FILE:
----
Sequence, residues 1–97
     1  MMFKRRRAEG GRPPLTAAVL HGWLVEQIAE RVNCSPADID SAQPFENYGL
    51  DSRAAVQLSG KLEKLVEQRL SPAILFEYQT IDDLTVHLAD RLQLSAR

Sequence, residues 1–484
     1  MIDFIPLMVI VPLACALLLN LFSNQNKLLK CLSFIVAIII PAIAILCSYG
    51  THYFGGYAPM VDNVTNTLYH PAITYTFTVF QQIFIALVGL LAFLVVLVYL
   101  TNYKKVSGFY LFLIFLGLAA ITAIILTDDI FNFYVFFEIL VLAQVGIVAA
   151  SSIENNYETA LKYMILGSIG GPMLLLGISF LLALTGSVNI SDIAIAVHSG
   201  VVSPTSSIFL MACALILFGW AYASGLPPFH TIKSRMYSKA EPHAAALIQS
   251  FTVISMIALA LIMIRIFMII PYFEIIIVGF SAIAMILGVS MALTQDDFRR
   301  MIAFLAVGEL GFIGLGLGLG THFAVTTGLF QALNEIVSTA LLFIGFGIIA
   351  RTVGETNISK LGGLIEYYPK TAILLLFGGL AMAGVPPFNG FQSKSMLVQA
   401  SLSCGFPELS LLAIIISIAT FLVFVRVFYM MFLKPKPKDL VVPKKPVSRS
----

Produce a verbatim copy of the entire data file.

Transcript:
Sequence, residues 1–97
     1  MMFKRRRAEG GRPPLTAAVL HGWLVEQIAE RVNCSPADID SAQPFENYGL
    51  DSRAAVQLSG KLEKLVEQRL SPAILFEYQT IDDLTVHLAD RLQLSAR

Sequence, residues 1–484
     1  MIDFIPLMVI VPLACALLLN LFSNQNKLLK CLSFIVAIII PAIAILCSYG
    51  THYFGGYAPM VDNVTNTLYH PAITYTFTVF QQIFIALVGL LAFLVVLVYL
   101  TNYKKVSGFY LFLIFLGLAA ITAIILTDDI FNFYVFFEIL VLAQVGIVAA
   151  SSIENNYETA LKYMILGSIG GPMLLLGISF LLALTGSVNI SDIAIAVHSG
   201  VVSPTSSIFL MACALILFGW AYASGLPPFH TIKSRMYSKA EPHAAALIQS
   251  FTVISMIALA LIMIRIFMII PYFEIIIVGF SAIAMILGVS MALTQDDFRR
   301  MIAFLAVGEL GFIGLGLGLG THFAVTTGLF QALNEIVSTA LLFIGFGIIA
   351  RTVGETNISK LGGLIEYYPK TAILLLFGGL AMAGVPPFNG FQSKSMLVQA
   401  SLSCGFPELS LLAIIISIAT FLVFVRVFYM MFLKPKPKDL VVPKKPVSRS